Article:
Jun 8, 20171265 views

Putting Down My Beloved Bant Eldrazi - Massdrop East/West Article #20

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Hi everybody! I am Ben Weitz, a member of Massdrop West, Gold Pro Magic player, and frequent MTGO grinder. One of my favorite cards of all time is Thought-Knot Seer, and I have long been a huge fan of the Bant Eldrazi deck in Modern. This was the last build I played with:
4 Ancient Stirrings
4 Path to Exile
4 Noble Hierarch
1 Birds of Paradise
2 Engineered Explosives
4 Eldrazi Displacer
4 Eldrazi Skyspawner
1 Matter Reshaper
1 Dismember
4 Thought-knot Seer
4 Reality Smasher
4 Drowner of Hope
4 Eldrazi Temple
3 Cavern of Souls
3 Brushland
2 Yavimaya Coast
1 Breeding Pool
1 Hallowed Fountain
1 Temple Garden
2 Misty Rainforest
2 Windswept Heath
1 Forest
1 Plains
1 Island
1 Ghost Quarter
Sideboard:
3 Disdainful Stroke
2 Natural State
2 Blessed Alliance
3 Rest in Peace
3 Stony Silence
1 Stubborn Denial
1 Grafdigger’s Cage
I think the deck is a strong, resilient midrange deck that is capable of broken starts (which is one of the most important properties of a good Modern deck in my opinion). Unfortunately, today I’m here to tell you that I don’t think the deck is well-positioned at the moment in Modern. There are a number of factors which contribute to my reluctance to play Bant Eldrazi.
  • Reality Smasher Isn’t the Biggest, Baddest Dude Around
Tarmogoyf has always been a popular card in Modern. Jund and Abzan have been playing ‘Goyf for years, and will continue to do so. However, when Bant Eldrazi was first starting to gain traction, the Tarmogoyfs out of these decks would usually be 4 / 5, or if you were particularly unlucky, 5 / 6. The Bant Eldrazi deck did not play many uncommon card types, just Land, Instant, Sorcery, Creature. There were a few Artifact cards, but you might simply not draw them. Similarly, Jund and Junk had only Planeswalker as an odd type to grow the Tarmogoyf, so there were many games where the ‘Goyfs were just outsized by Reality Smasher and Drowner of Hope. However, nowadays the Death’s Shadow builds of Jund and Abzan are much more common, and these decks are capable of making their Tarmogoyfs enormous. The Death’s Shadow builds are heavily incentivized to play a wide range of card types because of Traverse the Ulvenwald, so it is not unusual for them to have 5 / 6, 6 / 7, and even 7 / 8 Tarmogoyfs. Furthermore, Death’s Shadow itself is of course routinely much larger than a 5/5. Even though I believe the old Death’s Shadow decks were unfavored against Bant Eldrazi, the new Traverse builds have around 12 creatures that outsize even the biggest creatures in Bant Eldrazi, which means that you no longer can just focus on keeping Death’s Shadow off the table. These two creatures are the most prominent example, but I’ve even seen a few Torrential Gearhulks pop up and eat my Reality Smasher!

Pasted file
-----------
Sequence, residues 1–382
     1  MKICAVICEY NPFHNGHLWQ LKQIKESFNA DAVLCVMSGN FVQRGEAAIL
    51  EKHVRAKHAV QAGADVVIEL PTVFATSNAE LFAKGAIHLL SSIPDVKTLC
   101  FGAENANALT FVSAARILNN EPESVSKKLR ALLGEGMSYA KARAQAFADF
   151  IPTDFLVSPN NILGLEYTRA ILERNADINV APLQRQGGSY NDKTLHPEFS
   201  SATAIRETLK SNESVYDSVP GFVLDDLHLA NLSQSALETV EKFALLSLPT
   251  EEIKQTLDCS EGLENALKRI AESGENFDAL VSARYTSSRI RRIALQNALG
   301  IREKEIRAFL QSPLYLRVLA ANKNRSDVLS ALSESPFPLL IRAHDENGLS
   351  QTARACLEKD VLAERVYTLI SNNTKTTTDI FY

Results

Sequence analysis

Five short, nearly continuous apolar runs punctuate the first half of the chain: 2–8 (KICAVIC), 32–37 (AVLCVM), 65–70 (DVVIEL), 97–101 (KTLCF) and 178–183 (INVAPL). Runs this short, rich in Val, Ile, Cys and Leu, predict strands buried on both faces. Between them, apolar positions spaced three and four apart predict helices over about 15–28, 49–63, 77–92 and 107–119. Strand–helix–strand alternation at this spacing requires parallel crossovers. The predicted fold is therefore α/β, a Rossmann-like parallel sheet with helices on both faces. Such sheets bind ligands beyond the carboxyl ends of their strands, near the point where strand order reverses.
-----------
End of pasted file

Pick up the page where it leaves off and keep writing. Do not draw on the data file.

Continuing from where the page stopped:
• Rise of Unfair Combo Decks
Bant Eldrazi has never had a great matchup against combo decks. It will never be too badly unfavored because of Thought-Knot Seer and access to powerful blue and white sideboard cards, but you definitely don’t show up to the tournament hoping to play against Ad Nauseam. You definitely don’t want to play against Living End, because that combo deck is very consistent and their main combo interacts with your main game plan. Similarly, Dredge is a miserable matchup and you can basically only win game one when their deck just totally malfunctions. Finally, I don’t think I have ever beaten Storm in any match, and I’ve played against it at least ten times. That’s a lot of decks that are bad matchups! These decks used to have a significantly less share of the metagame so I didn’t mind having bad matchups, but some new printings have boosted their power levels to the point that I’m seeing them in leagues regularly. Baral, Chief of Compliance, the Amonkhet cycling cards, Gideon of the Trials, and Cathartic Reunion are all new tools for the unfair combo decks, and they represent a metagame shift that moves in a pretty hostile direction for Bant Eldrazi. There is also the new but relatively fair combo deck involving Vizier of Remedies and Devoted Druid. Collected Company matchups were close in the past, and were usually shored up post-board by supplementing your small amount of removal with graveyard hate cards. This new combo does not use the graveyard, so although I have never played against it, I have to assume that a Company deck utilizing Devoted Druid is not going to be a favorable matchup.